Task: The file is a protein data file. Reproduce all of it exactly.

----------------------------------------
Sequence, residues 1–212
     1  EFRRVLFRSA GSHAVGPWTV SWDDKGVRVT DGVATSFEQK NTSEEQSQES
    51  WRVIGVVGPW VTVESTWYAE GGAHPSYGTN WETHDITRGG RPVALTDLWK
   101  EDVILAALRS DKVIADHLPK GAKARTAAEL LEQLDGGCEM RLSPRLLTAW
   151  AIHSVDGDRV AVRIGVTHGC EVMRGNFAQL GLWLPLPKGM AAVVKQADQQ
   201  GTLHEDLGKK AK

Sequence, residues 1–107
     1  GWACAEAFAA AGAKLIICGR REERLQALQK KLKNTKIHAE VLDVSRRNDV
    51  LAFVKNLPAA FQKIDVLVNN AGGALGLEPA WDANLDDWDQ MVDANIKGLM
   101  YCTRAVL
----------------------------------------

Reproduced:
Sequence, residues 1–212
     1  EFRRVLFRSA GSHAVGPWTV SWDDKGVRVT DGVATSFEQK NTSEEQSQES
    51  WRVIGVVGPW VTVESTWYAE GGAHPSYGTN WETHDITRGG RPVALTDLWK
   101  EDVILAALRS DKVIADHLPK GAKARTAAEL LEQLDGGCEM RLSPRLLTAW
   151  AIHSVDGDRV AVRIGVTHGC EVMRGNFAQL GLWLPLPKGM AAVVKQADQQ
   201  GTLHEDLGKK AK

Sequence, residues 1–107
     1  GWACAEAFAA AGAKLIICGR REERLQALQK KLKNTKIHAE VLDVSRRNDV
    51  LAFVKNLPAA FQKIDVLVNN AGGALGLEPA WDANLDDWDQ MVDANIKGLM
   101  YCTRAVL